Politicians and the media have condemned the killing of Sunday World journalist, Martin O'Hagan. Mr O'Hagan, an investigative journalist who worked for the northern edition of the Dublin-based newspaper, was shot dead last night as he walked home with his wife, Marie, from their local pub in Lurgan, County Armagh.

The Taoiseach described the murder as "senseless and brutal". Bertie Ahern said that those responsible had no place in the new society people were trying to build in the North. Tánaiste Mary Harney said that Mr O'Hagan's killing was shocking and depraved.

The Minister for Foreign Affairs, Brian Cowen, said that he was shocked to learn of the appalling murder of Mr O'Hagan. He said that he wanted to express his deepest sympathy to Mr O'Hagan's wife and children.

The UUP leader, David Trimble, said that he was appalled by the cowardly act.

Members of the journalistic community have also expressed outrage at the murder. The National Union of Journalists Irish Organiser, Seamus Dooley, said that everyone was shocked and horrified at Mr O’Hagan’s killing.

Jim McDowell, Northern Editor of the Sunday World, expressed his anger at the death and said that he did not know what could be achieved by it. Sunday World Editor Colm MacGinty said that his paper had lost a loyal, dedicated, journalist and friend. He said that he was fearless, and had been shot in the back in search of the truth.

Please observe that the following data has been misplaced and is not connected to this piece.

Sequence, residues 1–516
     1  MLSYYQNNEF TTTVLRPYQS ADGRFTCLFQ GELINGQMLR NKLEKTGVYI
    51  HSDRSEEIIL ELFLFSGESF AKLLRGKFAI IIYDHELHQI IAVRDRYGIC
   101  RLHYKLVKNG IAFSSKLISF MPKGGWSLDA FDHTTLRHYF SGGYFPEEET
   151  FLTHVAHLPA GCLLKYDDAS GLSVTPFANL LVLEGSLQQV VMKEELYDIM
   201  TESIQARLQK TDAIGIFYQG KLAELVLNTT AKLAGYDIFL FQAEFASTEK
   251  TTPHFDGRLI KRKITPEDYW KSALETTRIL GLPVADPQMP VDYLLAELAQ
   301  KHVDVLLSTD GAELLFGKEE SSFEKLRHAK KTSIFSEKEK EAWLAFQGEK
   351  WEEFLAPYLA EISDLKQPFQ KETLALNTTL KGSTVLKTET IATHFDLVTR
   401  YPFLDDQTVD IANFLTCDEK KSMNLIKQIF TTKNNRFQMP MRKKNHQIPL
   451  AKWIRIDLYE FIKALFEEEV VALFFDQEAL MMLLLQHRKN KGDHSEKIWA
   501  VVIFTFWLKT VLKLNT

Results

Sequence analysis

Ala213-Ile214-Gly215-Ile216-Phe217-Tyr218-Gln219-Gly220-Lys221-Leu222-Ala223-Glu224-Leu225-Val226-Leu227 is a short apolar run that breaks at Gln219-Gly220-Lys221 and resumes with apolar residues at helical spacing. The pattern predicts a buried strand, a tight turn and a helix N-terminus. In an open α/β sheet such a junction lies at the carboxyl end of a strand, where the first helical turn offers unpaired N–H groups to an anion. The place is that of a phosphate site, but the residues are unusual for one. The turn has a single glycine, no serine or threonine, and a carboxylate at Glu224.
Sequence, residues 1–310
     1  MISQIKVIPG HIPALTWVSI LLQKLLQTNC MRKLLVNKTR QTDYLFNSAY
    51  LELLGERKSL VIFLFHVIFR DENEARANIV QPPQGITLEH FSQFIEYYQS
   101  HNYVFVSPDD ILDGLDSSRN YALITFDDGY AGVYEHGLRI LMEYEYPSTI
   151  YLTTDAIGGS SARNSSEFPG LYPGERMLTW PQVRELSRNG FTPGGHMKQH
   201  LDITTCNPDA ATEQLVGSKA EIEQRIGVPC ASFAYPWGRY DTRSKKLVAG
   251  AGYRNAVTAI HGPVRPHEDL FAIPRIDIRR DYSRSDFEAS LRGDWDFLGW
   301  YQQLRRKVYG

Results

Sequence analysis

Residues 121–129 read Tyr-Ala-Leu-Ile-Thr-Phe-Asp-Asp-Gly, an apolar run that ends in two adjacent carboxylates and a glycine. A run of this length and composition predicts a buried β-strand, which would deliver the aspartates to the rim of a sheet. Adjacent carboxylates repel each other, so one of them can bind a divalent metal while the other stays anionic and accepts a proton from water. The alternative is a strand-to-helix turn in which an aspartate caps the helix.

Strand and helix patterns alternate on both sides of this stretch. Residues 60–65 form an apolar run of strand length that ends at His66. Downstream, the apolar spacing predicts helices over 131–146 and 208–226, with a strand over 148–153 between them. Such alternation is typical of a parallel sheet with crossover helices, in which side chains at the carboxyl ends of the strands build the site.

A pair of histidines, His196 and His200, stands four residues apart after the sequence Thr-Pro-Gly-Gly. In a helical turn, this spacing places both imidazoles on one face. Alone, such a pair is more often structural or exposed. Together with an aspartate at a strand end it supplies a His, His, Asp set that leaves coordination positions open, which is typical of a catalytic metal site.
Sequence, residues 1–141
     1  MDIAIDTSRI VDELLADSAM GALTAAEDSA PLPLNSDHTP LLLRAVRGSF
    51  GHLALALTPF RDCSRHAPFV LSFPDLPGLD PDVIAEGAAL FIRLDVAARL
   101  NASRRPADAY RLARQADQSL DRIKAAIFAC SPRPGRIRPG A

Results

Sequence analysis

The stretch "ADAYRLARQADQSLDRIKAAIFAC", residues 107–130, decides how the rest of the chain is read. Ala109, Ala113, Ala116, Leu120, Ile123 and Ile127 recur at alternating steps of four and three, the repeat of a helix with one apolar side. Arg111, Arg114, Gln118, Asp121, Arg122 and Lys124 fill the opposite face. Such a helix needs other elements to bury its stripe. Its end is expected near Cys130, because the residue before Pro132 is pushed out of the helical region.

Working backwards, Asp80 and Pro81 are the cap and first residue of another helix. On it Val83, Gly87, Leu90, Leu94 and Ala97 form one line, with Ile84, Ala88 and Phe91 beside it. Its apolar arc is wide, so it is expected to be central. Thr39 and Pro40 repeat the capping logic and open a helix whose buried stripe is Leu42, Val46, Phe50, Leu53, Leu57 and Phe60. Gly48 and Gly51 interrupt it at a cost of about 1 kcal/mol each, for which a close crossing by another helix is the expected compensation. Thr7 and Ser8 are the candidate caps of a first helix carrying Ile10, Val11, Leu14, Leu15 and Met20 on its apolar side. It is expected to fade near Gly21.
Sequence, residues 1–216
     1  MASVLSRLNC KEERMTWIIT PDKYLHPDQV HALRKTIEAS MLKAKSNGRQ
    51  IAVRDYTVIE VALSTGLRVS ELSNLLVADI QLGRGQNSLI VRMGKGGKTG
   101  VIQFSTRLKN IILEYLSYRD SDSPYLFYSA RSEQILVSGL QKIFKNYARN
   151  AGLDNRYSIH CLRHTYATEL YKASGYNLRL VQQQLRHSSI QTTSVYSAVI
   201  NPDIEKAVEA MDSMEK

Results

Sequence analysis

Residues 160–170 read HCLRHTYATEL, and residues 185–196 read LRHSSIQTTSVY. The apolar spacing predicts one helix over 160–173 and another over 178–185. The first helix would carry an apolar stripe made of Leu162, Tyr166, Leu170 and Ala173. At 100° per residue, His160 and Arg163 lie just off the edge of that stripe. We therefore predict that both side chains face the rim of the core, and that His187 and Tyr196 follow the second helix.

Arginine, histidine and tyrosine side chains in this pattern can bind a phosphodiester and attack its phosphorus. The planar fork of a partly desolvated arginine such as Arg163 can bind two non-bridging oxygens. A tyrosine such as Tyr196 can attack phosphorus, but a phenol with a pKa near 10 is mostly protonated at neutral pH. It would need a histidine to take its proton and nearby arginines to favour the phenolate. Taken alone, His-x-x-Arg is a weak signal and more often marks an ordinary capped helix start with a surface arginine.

Senior security sources believe that the LVF, which has a strong presence in Lurgan and nearby Portadown, carried out the killing under the cover name, the Red Hand Defenders. The Red Hand Defenders, also a cover name used by the UDA, claimed responsibility for the killing.

Sinn Féin's Martin McGuinness said that everyone knew that it was the work of the UDA and he called on Dr John Reid to declare the UDA ceasefire over.

Bur the Northern Secretary has said there has been no indication that the UDA was behind the murder. Dr John Reid said that he shared the RUC Chief Constable's absolute determination to track down those responsible for what he called "this act of savagery".

Mr O'Hagan, who was in his 50s, was out walking with his wife near his home in Wheatfield Gardens at 10.30pm last night when a lone gunman pulled up beside him and shot him a number of times. He died at the scene.

Mr O'Hagan was an active trade union member and was the first journalist to be shot dead during the troubles in the North. He had been threatened before by Loyalist paramilitaries because of his work.

Jim McDowell said that he had no indication of any specific threats to him, although there was one incident in Lurgan on Monday which might provide a clue.

Many of Martin O'Hagan's reports concerned the shady world of drugs dealers as well as paramilitaries groups on both sides. He had been researching two stories recently, although it is not yet clear whether this had any connection with the killing.